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Shop owners in Seattle's Melrose Market say construction is killing business
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Shop owners in Seattle’s Melrose Market say construction is killing business

Melrose Market, before the construction started. (Photo by Joe Walf/CC images)
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Parking in Seattle’s Capitol Hill neighborhood is very challenging. Challenging enough that I try my best to avoid the fun neighborhood with all the good restaurants as much as possible. And apparently I’m not the only one.

At Melrose Market, a complex of upscale, artisan shops and restaurants, business is seriously slumping. Shop owners think the massive amount of construction on their block, going strong since 2013, is to blame.

“The fact that the developers have been taking up, probably, half of our very precious parking spaces has really considerably brought business down for everybody in the market,” says Sheri LaVigne, owner of the Calf and Kid cheese shop in Melrose Market.

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LaVigne says sales have dropped so significantly since construction started, she’s getting ready to close up shop at Melrose Market.

Russ Flint owns the butcher shop Rain Shadow Meats. He noticed construction workers setting up “No Parking” signs on the block, but none of them had a city permit attached. He reported the developers to SDOT.

“Our Street Use Inspectors were able to document that construction workers were illegally reserving parking spaces for themselves at this construction site,” SDOT’s communication director Rick Sheridan said. “We issued a citation today to that construction project.”

But the damage from constant construction has been done. Flint says customers have stopped coming to shop because the street is always blocked off.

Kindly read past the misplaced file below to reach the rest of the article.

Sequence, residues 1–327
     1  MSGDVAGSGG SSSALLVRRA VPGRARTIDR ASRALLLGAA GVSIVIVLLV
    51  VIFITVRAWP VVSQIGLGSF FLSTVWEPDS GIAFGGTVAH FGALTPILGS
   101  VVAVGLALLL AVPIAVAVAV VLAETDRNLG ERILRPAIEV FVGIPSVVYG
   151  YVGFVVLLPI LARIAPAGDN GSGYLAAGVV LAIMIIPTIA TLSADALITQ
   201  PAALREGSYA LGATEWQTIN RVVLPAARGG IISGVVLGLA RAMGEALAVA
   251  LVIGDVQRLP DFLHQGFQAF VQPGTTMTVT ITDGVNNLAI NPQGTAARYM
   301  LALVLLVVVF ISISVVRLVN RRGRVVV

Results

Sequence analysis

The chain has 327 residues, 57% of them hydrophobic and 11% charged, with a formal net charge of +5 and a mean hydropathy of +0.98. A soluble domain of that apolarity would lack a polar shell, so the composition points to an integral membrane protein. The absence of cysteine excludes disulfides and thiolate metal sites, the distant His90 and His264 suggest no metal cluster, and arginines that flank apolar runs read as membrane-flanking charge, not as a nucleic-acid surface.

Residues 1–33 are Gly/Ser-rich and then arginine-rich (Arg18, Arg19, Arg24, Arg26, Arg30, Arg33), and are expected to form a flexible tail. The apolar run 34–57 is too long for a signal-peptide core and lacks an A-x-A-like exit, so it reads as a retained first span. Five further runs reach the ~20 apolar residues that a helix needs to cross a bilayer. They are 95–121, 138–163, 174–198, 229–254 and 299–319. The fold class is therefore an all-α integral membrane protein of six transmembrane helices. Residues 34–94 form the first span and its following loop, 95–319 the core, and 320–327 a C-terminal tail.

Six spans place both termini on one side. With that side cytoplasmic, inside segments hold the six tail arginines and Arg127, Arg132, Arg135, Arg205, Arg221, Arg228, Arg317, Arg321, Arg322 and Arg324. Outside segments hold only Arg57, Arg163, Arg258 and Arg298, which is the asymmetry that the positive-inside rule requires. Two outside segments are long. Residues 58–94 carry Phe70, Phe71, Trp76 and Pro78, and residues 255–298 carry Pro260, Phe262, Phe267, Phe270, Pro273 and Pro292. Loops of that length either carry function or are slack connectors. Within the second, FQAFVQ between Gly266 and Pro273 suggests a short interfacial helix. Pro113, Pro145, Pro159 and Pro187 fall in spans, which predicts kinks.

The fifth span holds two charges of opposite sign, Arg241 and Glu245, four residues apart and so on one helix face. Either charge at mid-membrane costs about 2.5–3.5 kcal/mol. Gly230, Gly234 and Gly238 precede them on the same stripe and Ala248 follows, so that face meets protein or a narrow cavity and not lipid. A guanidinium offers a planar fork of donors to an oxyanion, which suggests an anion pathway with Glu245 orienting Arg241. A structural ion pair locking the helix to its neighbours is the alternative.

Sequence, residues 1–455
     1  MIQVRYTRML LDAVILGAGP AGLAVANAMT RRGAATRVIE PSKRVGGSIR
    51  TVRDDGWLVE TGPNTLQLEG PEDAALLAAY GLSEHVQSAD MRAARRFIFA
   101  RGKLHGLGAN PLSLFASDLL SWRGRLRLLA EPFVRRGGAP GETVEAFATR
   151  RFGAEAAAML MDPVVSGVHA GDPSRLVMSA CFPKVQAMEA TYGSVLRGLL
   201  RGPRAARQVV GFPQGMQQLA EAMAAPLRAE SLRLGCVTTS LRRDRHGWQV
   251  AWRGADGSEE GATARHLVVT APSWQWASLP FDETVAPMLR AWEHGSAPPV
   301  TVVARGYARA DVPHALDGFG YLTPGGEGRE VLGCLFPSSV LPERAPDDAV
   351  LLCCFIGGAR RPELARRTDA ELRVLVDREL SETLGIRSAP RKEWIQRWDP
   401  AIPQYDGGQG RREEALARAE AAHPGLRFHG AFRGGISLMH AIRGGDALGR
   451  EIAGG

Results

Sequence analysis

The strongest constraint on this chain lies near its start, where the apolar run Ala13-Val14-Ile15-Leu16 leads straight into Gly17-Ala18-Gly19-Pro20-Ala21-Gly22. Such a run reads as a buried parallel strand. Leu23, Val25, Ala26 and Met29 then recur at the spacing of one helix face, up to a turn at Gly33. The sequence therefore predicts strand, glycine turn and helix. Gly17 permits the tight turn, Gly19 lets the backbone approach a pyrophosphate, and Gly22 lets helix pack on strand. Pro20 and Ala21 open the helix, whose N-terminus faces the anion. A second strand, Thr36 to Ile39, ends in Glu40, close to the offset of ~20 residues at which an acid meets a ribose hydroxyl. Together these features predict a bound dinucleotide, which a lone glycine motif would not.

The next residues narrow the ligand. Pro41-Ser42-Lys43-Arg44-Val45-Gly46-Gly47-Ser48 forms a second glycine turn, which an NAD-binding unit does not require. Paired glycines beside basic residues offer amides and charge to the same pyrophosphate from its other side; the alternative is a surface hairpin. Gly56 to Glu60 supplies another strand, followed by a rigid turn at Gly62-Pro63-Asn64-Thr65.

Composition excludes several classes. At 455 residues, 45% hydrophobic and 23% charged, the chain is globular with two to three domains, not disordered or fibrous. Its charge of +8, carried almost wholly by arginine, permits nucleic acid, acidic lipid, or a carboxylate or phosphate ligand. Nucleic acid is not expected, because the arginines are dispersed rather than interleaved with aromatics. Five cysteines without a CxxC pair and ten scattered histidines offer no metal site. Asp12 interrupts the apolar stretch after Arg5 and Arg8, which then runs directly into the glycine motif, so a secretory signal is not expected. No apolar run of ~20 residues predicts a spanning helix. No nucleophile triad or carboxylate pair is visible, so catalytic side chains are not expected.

“I think the city needs to be more thoughtful in the way that they hand out permits,” Flint said. “Today is a perfect example &#8212 it’s Friday, one of our busiest days. The road is shut down one way, there’s no parking all day long. On February 20, which was a Saturday &#8212 our busiest day &#8212 both sides of the street were shut down. No parking.

“One of the first shutdowns they approached us on was November 15, 2013. It was a one-week warning that they were going to shut down the street the week of Thanksgiving,” he continued. “That’s our second busiest week of the year. There’s no consideration for the people that are trying to survive on these blocks. Monday, Tuesday are slow days. That’s when you should be shutting it down.”

Both Flint and LaVigne say their holiday sales were dismal.

LaVigne thinks it’s the developers being thoughtless, not necessarily the city.

“The developers, ever since they started, they said, ‘We’re really going to work with you.’ Since day one they haven’t,” LaVigne said. “When Starbucks was doing their big thing over here, they were unbelievable to work with. The head of that project was in communication with us on a very regular basis. If they ever had big trucks out there, she would make sure they were done by nine or 10 a.m. Or she’d be like, ‘Hey, can we do it on a Monday, that’s not going to effect you guys quite as much.'”

LaVigne says she’s not against growth in the neighborhood, but it has to work for businesses, not against them.

“The whole idea of bringing more people to the area is a positive thing to think about,” LaVigne said. “But what we have to go through to get there? It doesn’t feel worth it.”

The construction on their block is expected to last through 2017, possibly longer.

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